April 2, 2024/Neurosciences/Podcast

Diagnosis and Management of Cerebral Amyloid Angiopathy-Related Inflammation (Podcast)

New research sheds light on a potentially devastating condition that is reversible when properly managed

Cerebral amyloid angiopathy is a cerebrovascular disorder characterized by accumulation of amyloid proteins in small blood vessels of the brain and leptomeninges, leading to fragile vessel walls and subsequent brain bleeds. A subset of people with the disorder develop an inflammatory reaction to the amyloid deposition known as cerebral amyloid angiopathy-related inflammation (CAA-RI), which causes progressive cognitive decline.


Cleveland Clinic is a non-profit academic medical center. Advertising on our site helps support our mission. We do not endorse non-Cleveland Clinic products or services. Policy

“As devastating as CAA-RI can be — it can even lead to seizures and sometimes coma — it is still very treatable and reversible,” says Abbas Kharal, MD, a stroke neurologist and immunologist in the Cerebrovascular Center at Cleveland Clinic. “The inflammation is very reversible and treatable with steroids and other immunosuppressive agents.”

In the latest episode of Cleveland Clinic’s Neuro Pathways podcast, Dr. Kharal discusses the diagnosis and management of CAA-RI, delving into:

  • How cerebral amyloid angiopathy and CAA-RI present in patients
  • The overlap between Alzheimer’s disease and cerebral amyloid angiopathy
  • When and how often to image patients
  • Surgical interventions and medical therapies to treat CAA-RI
  • Research aimed at determining the prevalence of CAA-RI and improving clinical care

Click the podcast player above to listen to the 30-minute episode now, or read on for a short edited excerpt. Check out more Neuro Pathways episodes at clevelandclinic.org/neuropodcast or wherever you get your podcasts.


This activity has been approved for AMA PRA Category 1 Credit™and ANCC contact hours. After listening to the podcast, you can claim your credit here.

Excerpt from the podcast

Podcast host Glen Stevens, DO, PhD: What percentage of people who have cerebral amyloid angiopathy will get the inflammation?

Dr. Kharal: That's an excellent question. And the answer is that we don’t know! That is what our research paper tried to explain. We talk about cerebral amyloid angiopathy-related inflammation as it comes to attention when patients present with rapid cognitive decline, seizures, headaches or other signs of edema. And we pick it up on imaging and conclude that the patient has either known cerebral amyloid angiopathy before, or a new diagnosis, and a pattern that fits with edema either vasogenic edema or T2 FLAIR hyperintensity in areas of cerebral microbleeds that is much more than what you’d expect from microbleeds alone. But I still don't think we understand the true prevalence, so our study tried to look at asymptomatic and symptomatic CAA-RI together.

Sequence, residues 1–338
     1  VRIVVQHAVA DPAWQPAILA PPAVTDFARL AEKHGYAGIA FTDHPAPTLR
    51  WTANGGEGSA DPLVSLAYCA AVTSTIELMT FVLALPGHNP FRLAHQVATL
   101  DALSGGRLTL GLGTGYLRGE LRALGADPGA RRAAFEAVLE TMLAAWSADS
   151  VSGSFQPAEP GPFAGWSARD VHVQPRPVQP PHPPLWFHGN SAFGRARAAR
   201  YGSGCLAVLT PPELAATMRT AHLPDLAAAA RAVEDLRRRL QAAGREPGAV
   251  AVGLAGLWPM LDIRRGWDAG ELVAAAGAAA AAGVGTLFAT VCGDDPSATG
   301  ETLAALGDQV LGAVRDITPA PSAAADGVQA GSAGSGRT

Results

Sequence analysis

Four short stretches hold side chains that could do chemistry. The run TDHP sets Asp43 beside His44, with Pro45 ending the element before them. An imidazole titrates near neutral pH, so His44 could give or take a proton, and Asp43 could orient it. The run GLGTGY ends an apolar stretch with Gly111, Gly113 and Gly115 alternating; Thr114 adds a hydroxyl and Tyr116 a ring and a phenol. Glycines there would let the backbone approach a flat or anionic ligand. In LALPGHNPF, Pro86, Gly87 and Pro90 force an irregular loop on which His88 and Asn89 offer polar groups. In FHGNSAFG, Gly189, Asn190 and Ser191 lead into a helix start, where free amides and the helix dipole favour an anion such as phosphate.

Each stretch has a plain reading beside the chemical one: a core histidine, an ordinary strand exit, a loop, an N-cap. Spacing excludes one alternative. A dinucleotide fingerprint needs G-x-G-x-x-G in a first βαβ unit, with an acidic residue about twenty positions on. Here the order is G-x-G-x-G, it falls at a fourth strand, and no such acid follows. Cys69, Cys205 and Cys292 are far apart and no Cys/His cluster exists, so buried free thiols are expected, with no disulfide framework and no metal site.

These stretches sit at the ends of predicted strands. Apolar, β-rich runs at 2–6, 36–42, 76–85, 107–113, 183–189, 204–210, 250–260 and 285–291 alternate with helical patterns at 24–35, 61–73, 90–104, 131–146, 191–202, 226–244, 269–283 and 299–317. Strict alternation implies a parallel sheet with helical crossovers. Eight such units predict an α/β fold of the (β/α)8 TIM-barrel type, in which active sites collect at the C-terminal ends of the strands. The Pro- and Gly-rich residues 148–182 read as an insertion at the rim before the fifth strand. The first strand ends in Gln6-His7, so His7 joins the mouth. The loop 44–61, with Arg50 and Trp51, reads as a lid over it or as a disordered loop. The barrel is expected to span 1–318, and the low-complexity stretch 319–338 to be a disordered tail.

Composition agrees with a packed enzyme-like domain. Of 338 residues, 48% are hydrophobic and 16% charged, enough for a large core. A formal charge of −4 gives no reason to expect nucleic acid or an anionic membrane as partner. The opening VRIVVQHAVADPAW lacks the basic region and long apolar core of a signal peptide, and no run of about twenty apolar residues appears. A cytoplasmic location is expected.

There is a term that we put out in the literature, “radiological cerebral amyloid angiopathy-related inflammation.” It basically is cerebral amyloid angiopathy-related inflammation that radiographically meets criteria for CAA-RI that may not manifest symptomatically — may not present with the headaches or the cognitive decline or seizures yet — versus the clinico-radiographic CAA-RI, which is clinically manifesting and has radiographic evidence.

In our study we showed that CAA-RI was prevalent in about 10.8% of 511 patients with cerebral amyloid angiopathy that we reviewed. That percentage represents those who had at least radiological CAA-RI, some of whom also had clinical radiographic evidence as well. But if we looked specifically at the subgroup of patients with CAA with white matter disease of any type, the prevalence of CAA-RI was as high as 28%.

Related Articles

syringe being prepared for injection
April 15, 2024/Neurosciences/Podcast
Balancing Benefits and Pitfalls of Neurotoxin Injections (Podcast)

Determining the right dose and injecting in the right muscle can be challenging

photo of a man sleeping at a desk, with a podcast icon overlay
March 15, 2024/Neurosciences/Podcast
Diagnosis and Management of Idiopathic Hypersomnia (Podcast)

Testing options and therapies are expanding for this poorly understood sleep disorder

series of digital-looking brain icons with a podcast button overlay on top
March 1, 2024/Neurosciences/Podcast
Harnessing the Power of AI in Medicine (Podcast)

Neurology is especially well positioned for opportunities to enhance clinical care and medical training

February 19, 2024/Neurosciences/Podcast
Central Sensitization Syndromes in Pediatric Patients (Podcast)

How functional restoration can help children with these conditions marked by unexplained pain with stigmatized symptoms

February 5, 2024/Neurosciences/Podcast
Diagnosis and Management of Neuromyelitis Optica Spectrum Disorder (Podcast)

Despite advancements, care for this rare autoimmune disease is too complex to go it alone

January 16, 2024/Neurosciences/Podcast
Managing Neurological Disorders in Pregnancy (Podcast)

A discussion of special care considerations before, during and after pregnancy

January 2, 2024/Neurosciences/Podcast
Harnessing the Power of Neuroengineering and AI to Improve Epilepsy Surgery (Podcast)

Data-driven methods may improve seizure localization and refine surgical decision-making

December 15, 2023/Neurosciences/Podcast
Palliative Care for Parkinson’s Disease (Podcast)

When and how a multidisciplinary palliative care clinic can fill unmet needs for this population